app.use(bodyParser.urlencoded({ extended: false }));
  • I think you wanted to say "body-parser was middleware " ? express is not middleware as I understand – sakhunzai Apr 19 '18 at 9:38

body-parser is a piece of express middleware that reads a form's input and stores it as a javascript object accessible through req.body 'body-parser' must be installed (via npm install --save body-parser) For more info see: https://github.com/expressjs/body-parser

   var bodyParser = require('body-parser');
   app.use(bodyParser.json()); // support json encoded bodies
   app.use(bodyParser.urlencoded({ extended: true })); // support encoded bodies

When extended is set to true, then deflated (compressed) bodies will be inflated; when extended is set to false, deflated bodies are rejected.


What is your opinion to use express-generator it will generate skeleton project to start with, without deprecated messages appeared in your log

run this command

npm install express-generator -g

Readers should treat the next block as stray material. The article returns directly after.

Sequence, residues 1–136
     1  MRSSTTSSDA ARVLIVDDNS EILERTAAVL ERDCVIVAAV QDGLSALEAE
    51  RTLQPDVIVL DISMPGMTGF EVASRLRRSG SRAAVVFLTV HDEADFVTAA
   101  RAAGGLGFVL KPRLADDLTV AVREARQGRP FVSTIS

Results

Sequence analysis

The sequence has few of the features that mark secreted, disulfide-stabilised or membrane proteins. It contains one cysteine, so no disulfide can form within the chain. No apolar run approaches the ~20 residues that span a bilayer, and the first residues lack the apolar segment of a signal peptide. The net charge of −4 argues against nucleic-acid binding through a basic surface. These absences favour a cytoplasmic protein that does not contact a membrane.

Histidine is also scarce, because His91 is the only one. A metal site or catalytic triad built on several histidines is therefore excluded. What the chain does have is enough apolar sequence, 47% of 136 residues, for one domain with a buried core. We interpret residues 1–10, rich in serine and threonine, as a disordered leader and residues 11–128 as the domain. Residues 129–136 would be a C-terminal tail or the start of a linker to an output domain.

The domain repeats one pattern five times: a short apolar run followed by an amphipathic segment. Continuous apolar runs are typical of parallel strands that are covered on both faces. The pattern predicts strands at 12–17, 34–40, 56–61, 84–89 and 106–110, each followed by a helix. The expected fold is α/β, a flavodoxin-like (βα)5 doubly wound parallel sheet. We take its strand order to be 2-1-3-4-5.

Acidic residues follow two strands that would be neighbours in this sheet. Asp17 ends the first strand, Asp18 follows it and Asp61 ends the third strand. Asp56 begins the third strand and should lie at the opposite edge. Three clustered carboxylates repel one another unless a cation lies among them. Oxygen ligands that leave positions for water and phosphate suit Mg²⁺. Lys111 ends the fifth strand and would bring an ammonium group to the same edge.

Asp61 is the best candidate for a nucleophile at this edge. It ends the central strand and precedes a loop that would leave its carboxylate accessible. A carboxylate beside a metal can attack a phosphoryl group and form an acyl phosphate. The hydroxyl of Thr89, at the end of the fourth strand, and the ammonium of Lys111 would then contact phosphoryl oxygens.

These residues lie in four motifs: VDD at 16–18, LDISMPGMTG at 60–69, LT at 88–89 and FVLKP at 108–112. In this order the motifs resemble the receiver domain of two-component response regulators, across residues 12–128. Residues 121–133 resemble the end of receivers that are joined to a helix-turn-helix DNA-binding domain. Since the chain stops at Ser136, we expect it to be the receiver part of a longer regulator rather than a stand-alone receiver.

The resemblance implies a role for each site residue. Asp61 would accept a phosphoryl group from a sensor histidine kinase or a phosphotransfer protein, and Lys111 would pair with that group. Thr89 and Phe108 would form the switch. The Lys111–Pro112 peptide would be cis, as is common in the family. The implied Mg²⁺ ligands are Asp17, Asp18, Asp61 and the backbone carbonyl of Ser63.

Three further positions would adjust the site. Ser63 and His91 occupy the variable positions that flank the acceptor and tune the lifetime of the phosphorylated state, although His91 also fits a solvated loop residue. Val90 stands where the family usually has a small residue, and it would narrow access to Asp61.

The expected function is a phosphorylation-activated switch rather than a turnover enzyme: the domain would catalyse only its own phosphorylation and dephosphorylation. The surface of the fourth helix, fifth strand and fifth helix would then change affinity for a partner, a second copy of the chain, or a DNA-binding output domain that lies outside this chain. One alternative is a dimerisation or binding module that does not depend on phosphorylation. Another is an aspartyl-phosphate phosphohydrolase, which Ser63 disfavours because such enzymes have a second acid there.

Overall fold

Now, create new Express.js starter application by type this command in your Node projects folder.

express node-express-app

That command tell express to generate new Node.js application with the name node-express-app.

then Go to the newly created project directory, install npm packages and start the app using the command

cd node-express-app && npm install && npm start

I found that while adding

  extended: true

helps, sometimes it's a matter of your querying that determines how express handles it.

For instance, it could be that your parameters are passed in the URL rather than in the body

In such a case, you need to capture both the body and url parameters and use whichever is available (with preference for the body parameters in the case below)

        let pars = (Object.keys(req.body).length > 0)?req.body:req.query;

app.use(bodyParser.urlencoded({extended: true}));

I have the same problem but this work for me. You can try this extended part.